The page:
In every workplace, supervisor/supervisee relations impose interpersonal dynamics that can either make each day fulfilling or very much the opposite. Nonprofits offer unique management challenges when staffing is inadequate, budgets are squeezed tight, and (sometimes) union rules pose limitations.

Learning to Supervise

Aphoristically, all happy workplaces are alike; each unhappy workplace is unhappy in its own way. This series of eblasts posits that the tone and temper of positive interpersonal dynamics are set by good bosses and there is much alike among those who are good.

Supervision is responsibility. As soon as an employee becomes a supervisor, s/he accepts responsibilities with greater weight; in a nonprofit, responsibility is to the mission of the organization, its board, its management, the people it serves, and to federal, state and local law.

A boss is not a friend. Especially important for those who become the supervisor of former co-workers, the intimacies of peer relationships must be left behind. You need not abandon empathy and concern, but perhaps confidences can no longer be shared in quite the same way.

Bosses learn to be bosses. Astute leaders learn to adopt good qualities from those they’ve worked for and eschew bad ones as they’ve worked their way up. Especially when leadership doesn’t come naturally, making a list of what worked (and what didn’t) in every work environment you’ve been in can help you shape your behavior as a boss.

Giving Direction

Really competent employees can be frustrated bosses when they believe they can do the job of a direct report more effectively or more efficiently. It can take willpower to resist the temptation to ‘do’ and, instead, to ‘direct.’ Good bosses know employees are happier (and more productive) when their accomplishments are their own.

Clarify expectations. Every management relationship should begin with a clear set of expectations, discussed and written. Those expectations should be reviewed and updated regularly. In a healthy relationship, they’re agreed upon mutually.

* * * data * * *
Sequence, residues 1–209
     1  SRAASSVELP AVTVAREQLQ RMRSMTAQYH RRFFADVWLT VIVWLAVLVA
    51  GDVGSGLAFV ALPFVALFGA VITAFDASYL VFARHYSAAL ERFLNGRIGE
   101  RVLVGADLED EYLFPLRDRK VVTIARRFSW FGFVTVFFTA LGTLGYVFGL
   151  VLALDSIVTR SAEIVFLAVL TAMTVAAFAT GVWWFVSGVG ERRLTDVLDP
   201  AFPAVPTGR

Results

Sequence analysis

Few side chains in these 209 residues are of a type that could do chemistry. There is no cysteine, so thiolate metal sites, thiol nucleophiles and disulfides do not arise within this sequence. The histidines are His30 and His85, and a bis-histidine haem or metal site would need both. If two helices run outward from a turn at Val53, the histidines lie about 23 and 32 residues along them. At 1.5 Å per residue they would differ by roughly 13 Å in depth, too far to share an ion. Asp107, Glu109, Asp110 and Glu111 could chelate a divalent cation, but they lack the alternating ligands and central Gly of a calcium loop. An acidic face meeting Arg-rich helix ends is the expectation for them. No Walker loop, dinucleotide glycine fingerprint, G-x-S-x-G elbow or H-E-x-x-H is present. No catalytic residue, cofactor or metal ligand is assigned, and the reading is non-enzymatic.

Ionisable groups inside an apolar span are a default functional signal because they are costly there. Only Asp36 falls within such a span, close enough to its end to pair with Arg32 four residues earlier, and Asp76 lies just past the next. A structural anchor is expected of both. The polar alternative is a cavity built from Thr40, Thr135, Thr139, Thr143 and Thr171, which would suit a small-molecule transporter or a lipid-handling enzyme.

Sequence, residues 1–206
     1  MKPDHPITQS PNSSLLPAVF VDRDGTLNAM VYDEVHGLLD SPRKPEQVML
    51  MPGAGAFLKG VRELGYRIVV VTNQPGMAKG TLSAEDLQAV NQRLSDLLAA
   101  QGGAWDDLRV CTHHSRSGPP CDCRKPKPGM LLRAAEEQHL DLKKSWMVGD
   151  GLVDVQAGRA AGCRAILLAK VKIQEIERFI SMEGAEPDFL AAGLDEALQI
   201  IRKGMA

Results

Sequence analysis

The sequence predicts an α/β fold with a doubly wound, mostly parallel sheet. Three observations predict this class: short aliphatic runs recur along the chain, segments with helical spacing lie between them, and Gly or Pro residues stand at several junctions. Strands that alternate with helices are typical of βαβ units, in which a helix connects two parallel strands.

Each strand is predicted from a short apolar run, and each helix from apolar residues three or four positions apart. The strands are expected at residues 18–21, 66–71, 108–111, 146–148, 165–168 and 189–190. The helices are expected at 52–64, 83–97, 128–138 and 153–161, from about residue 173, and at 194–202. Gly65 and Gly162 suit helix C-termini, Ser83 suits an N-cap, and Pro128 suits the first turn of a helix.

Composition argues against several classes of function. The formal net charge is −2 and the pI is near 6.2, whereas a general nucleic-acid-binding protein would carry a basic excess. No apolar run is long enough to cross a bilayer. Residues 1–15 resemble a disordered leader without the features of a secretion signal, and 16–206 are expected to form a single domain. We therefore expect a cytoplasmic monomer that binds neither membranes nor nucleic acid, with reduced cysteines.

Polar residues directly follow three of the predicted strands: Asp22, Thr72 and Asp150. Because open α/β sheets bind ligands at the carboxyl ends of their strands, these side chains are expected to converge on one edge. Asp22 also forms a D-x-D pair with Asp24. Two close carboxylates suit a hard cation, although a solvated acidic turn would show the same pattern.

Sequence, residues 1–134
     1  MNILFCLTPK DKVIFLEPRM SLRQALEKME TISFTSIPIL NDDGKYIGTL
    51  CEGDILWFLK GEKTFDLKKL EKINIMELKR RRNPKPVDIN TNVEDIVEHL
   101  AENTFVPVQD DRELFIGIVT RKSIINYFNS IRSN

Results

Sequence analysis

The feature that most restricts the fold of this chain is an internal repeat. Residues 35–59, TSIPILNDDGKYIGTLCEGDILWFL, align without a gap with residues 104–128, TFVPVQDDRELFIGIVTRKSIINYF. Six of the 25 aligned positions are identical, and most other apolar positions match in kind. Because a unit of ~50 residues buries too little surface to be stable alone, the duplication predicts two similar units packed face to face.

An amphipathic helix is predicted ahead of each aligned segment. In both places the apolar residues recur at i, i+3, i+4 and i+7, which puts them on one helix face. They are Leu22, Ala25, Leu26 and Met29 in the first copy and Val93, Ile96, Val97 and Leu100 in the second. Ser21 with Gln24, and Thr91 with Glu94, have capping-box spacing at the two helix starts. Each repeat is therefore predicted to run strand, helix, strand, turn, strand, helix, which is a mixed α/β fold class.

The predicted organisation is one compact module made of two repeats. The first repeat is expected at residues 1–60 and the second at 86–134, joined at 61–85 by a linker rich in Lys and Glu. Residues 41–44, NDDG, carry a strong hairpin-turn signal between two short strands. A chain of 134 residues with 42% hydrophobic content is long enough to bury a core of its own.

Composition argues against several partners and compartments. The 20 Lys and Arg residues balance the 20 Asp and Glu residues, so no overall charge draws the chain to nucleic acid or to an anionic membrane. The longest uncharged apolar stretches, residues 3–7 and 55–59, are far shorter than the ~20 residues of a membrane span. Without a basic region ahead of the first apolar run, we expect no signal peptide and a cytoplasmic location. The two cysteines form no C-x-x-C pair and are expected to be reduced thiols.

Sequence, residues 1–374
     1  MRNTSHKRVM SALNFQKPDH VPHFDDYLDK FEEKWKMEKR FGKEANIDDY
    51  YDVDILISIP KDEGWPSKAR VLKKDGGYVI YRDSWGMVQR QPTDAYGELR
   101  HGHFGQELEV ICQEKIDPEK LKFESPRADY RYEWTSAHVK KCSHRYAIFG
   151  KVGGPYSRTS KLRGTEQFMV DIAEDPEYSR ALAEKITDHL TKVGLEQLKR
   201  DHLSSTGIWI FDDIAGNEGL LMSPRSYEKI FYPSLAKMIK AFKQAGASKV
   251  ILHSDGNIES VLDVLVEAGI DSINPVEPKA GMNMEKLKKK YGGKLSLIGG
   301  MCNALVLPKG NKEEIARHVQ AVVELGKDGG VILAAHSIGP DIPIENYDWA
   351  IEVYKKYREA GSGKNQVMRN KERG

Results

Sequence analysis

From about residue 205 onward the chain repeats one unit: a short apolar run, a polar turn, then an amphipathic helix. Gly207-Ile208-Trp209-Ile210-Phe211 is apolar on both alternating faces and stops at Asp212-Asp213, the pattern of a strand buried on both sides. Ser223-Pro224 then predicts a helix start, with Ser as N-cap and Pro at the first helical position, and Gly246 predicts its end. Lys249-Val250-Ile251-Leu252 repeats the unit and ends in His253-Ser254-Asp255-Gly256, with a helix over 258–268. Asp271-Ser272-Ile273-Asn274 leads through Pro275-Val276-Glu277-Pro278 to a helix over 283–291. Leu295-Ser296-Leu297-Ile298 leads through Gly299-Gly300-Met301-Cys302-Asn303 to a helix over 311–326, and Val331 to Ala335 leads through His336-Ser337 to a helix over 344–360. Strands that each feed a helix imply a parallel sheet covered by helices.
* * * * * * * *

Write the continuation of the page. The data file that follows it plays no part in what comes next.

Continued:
Set priorities. Be effective as a boss not by telling those you manage when to do what to do, but by setting priorities amongst a list of assignments – a shorter list for those who prefer specificity and a longer list for those who perform best with a degree of independence.

Provide tools. Since employee performance will vary by education, experience, skills, interests, and other competencies, good bosses give every employee a fighting chance to succeed. They do so by equitably providing appropriate tools for everyone they supervise – technology, training and access to human, financial, and informational resources. No employee should feel that lack of parity with co-workers is an issue when their performance is reviewed.

Providing Support and Feedback

Whether you are the CEO or a first-time manager of other employees, as a “boss” you are more than a supervisor. Your role is not just to “oversee” the work of others; it is also to facilitate, motivate and enable (in the best sense of the word). Good communication is key.

Offer support. Regularly scheduled meetings (weekly or bi-weekly) should be sacrosanct offering each team member an opportunity for 1:1 conversation to report on progress, get direction, help prioritize and provide correction. Use a set time and day, and avoid frequent changes so direct reports know that you respect their schedules as well.

Aim for yes. In a world where “no” is an easy fallback, finding a way to “green light” good ideas and strong ambition aligns you with an employee’s desire to succeed. And…saying “yes” whenever possible makes a “no” easier to hear when you must inevitably say it.

Provide feedback. High performing nonprofits have a performance evaluation program that requires an annual sit-down between manager and employee. But regular feedback makes those sometimes-awkward yearly conversations so much easier. No surprises!

Note: Providing corrective feedback can give even the steeliest boss a sleepless night. Try writing a script that begins with positives, lists the negatives, and gives specific examples of how a behavior or action (done differently) might improve individual or team performance.

Building a Good Team

When direct reports are more than one, a good boss is also charged with building an effective team. And because most of us spend more uninterrupted time at our workplace than anywhere else, making it a fulfilling and mutually supportive environment is important to your employees’ happiness.

Communicate with transparency. Use regularly-scheduled team meetings to share information important to everyone. Demonstrate that every member of the team has value by offering a chance for each to share a highlight of their current work and contribute to a group decision.

Find reason to celebrate. In a healthy workplace, individual and team success, achievement and milestones (even a one-year employment anniversary) should be celebrated at every opportunity. We’re more likely to do our best work when we know it is recognized and, our role is appreciated.

Don’t hesitate to say goodbye. Terminating employment is a solemn responsibility for any boss. But poor performance must be addressed definitively because its impact is widely felt by every member of a team.